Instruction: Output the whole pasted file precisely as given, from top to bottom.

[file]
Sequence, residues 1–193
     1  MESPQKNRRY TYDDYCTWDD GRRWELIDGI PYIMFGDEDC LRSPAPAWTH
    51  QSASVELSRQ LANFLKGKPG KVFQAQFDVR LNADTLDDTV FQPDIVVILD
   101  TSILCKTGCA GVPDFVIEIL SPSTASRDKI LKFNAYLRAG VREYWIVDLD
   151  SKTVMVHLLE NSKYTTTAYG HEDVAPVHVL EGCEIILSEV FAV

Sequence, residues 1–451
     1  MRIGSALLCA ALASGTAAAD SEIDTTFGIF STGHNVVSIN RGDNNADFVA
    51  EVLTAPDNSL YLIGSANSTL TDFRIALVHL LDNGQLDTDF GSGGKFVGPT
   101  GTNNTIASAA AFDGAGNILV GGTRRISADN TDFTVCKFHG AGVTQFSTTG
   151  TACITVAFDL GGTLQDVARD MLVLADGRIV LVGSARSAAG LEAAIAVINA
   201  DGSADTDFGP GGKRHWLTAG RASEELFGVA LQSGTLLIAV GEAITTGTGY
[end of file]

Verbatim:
Sequence, residues 1–193
     1  MESPQKNRRY TYDDYCTWDD GRRWELIDGI PYIMFGDEDC LRSPAPAWTH
    51  QSASVELSRQ LANFLKGKPG KVFQAQFDVR LNADTLDDTV FQPDIVVILD
   101  TSILCKTGCA GVPDFVIEIL SPSTASRDKI LKFNAYLRAG VREYWIVDLD
   151  SKTVMVHLLE NSKYTTTAYG HEDVAPVHVL EGCEIILSEV FAV

Sequence, residues 1–451
     1  MRIGSALLCA ALASGTAAAD SEIDTTFGIF STGHNVVSIN RGDNNADFVA
    51  EVLTAPDNSL YLIGSANSTL TDFRIALVHL LDNGQLDTDF GSGGKFVGPT
   101  GTNNTIASAA AFDGAGNILV GGTRRISADN TDFTVCKFHG AGVTQFSTTG
   151  TACITVAFDL GGTLQDVARD MLVLADGRIV LVGSARSAAG LEAAIAVINA
   201  DGSADTDFGP GGKRHWLTAG RASEELFGVA LQSGTLLIAV GEAITTGTGY